Matthew S. Adams is a partner with the national law firm of Fox Rothschild LLP, and co-chair of the firm’s White-Collar Criminal Defense & Regulatory Compliance Practice Group. He can be reached by email at [email protected]. Views are the author's own.
Take this as a cautionary note, C-suite financial executives: We are now living through version 2.0 of COVID-19 stimulus related investigations. Federal authorities appear to be operating under a strong mandate to ferret out perceived fraud and abuse in the oft-confusing world of COVID-19 stimulus programs, and they are no longer going after only the low-hanging fruit.
As such, the time is now for CFOs and other financial executives who are involved in these programs to ensure their proverbial houses are in order under the watchful eye of a white collar criminal and regulatory defense attorney. As the saying goes, an ounce of prevention is worth a pound of cure, and that also holds true in this area of the law.
Early intervention can often spot problems so they can be addressed before it is too late. For example, unintentionally over-funded Paycheck Protection Program (PPP) loans should be addressed before a forgiveness application is filed. Likewise, an Employee Retention Credit (ERC) election often requires tax filings to be amended. Careful navigation of the labyrinth of ERC eligibility criteria as part of that process is a must.
Where We Have Been
It’s important to take a moment to remember how we have come to find ourselves in this unusual situation. Back in March 2020, as the COVID-19 pandemic threatened to derail the U.S. economy, Congress acted with rare speed and decisiveness to fashion a series of stimulus programs aimed at protecting Main Street from an economic calamity. Only weeks into the most significant public health emergency in 100 years, the Paycheck Protection Program (PPP) was providing forgivable federal loans to small and mid-sized businesses to help keep their operations afloat amid a wave of mandatory shutdowns and other measures aimed at stopping the spread of the virus. It was quickly followed by additional programs designed to address specific aspects of the broad and devastating scope of COVID-19 financial toll.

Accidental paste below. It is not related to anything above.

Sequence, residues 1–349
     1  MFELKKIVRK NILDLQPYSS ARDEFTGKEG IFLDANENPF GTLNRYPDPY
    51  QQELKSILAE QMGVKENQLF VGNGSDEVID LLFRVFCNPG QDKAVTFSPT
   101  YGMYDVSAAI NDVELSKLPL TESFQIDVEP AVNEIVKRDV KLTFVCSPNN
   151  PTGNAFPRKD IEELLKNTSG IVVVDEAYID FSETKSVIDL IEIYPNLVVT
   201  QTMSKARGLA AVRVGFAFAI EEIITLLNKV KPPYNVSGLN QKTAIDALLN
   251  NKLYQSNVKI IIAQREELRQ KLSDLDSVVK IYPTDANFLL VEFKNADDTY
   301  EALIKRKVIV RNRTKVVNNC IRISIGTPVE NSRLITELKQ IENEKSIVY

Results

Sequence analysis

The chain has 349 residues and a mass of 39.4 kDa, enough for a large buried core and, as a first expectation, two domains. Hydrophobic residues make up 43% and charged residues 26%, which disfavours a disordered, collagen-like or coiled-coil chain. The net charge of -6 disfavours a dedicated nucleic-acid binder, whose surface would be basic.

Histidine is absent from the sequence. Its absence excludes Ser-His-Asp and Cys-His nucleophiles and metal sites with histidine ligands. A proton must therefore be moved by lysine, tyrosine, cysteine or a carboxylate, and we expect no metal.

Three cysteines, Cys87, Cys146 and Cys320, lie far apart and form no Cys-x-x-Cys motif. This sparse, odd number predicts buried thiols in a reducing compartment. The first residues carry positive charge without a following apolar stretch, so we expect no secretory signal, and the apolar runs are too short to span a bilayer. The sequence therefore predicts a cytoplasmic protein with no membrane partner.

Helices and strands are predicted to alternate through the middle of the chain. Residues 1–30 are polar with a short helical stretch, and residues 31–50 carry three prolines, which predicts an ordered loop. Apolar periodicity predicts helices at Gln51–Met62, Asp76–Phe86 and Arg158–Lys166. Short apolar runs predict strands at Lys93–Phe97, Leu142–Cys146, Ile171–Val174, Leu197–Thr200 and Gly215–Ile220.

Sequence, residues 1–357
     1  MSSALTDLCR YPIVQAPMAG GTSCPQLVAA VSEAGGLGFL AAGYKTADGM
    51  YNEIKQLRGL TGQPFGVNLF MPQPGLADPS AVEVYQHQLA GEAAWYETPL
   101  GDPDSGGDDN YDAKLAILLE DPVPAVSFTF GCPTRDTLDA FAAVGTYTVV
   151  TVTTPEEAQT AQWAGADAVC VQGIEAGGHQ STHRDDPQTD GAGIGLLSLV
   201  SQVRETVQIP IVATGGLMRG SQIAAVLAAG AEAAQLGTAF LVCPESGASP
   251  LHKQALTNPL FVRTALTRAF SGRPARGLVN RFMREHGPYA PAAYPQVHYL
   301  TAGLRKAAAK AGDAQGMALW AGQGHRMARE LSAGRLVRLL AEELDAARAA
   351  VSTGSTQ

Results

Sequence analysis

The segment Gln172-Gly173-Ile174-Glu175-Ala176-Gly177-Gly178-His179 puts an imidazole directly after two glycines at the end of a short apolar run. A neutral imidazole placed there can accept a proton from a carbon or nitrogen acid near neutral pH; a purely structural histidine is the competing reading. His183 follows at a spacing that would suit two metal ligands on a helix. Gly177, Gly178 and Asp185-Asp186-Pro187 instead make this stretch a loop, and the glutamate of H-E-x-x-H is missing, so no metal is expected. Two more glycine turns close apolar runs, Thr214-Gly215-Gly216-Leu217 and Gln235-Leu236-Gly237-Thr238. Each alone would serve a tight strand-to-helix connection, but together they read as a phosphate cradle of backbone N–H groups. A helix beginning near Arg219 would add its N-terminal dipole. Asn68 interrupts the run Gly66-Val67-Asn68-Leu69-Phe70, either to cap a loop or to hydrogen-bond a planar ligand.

Criminal enforcement activity began within weeks after the proceeds of the first forgivable PPP loans were disbursed, with the first PPP fraud cases progressing at a pace uncharacteristic of the government’s typically slow and steady white collar criminal investigations.
At the beginning, most PPP borrowers who found themselves in the government’s crosshairs were charged with blatant fraud: fake companies with ginned up payroll records; loan proceeds used for personal luxuries; individuals and entities precluded from participating in such federal programs attempting to access loans; and opportunistic schemers making empty promises to naïve borrowers that they could maximize their loan proceeds for a fee. Those cases have resulted in an astonishing number of convictions for the federal government, and significant jail time for those responsible for making the loan applications.
Where We Are Now
In September 2020, a Congressional Select Committee began publicly exposing an enormous amount of fraud and abuse in the pandemic stimulus programs. By March 2022, the Internal Revenue Service (IRS) said publicly that its investigators alone had uncovered more than $1.8 billion in fraudulent activity related to COVID-19 stimulus funds.
In his first State of the Union address, delivered on March 1, 2022, President Biden promised that “the watchdogs are back,” announcing the appointment of a COVID-19 Fraud Enforcement Task Force Chief Prosecutor at the Department of Justice (DOJ). Coinciding with the announcement, DOJ requested a sizeable budget increase to hire additional prosecutors around the country to help bolster the Chief Prosecutor’s team. There is precedent for this type of focused prosecutorial mandate, and it means borrowers, lending institutions and anyone else that touched COVID-19 stimulus money had better gear-up too.
Qualitatively, the types of COVID-19 cases we have been seeing have been evolving for some time now. The DOJ started by bringing cases where alleged fraud was somewhat easy to spot for the government, but now the cases have become more nuanced. For example, the already target-rich enforcement environment of PPP has been expanded to a half dozen or so later COVID-19 stimulus programs such as the Economic Injury Disaster Loan (EIDL), ERC, and a handful of other initiatives tailored to specific sectors of the economy particularly hard hit by the pandemic.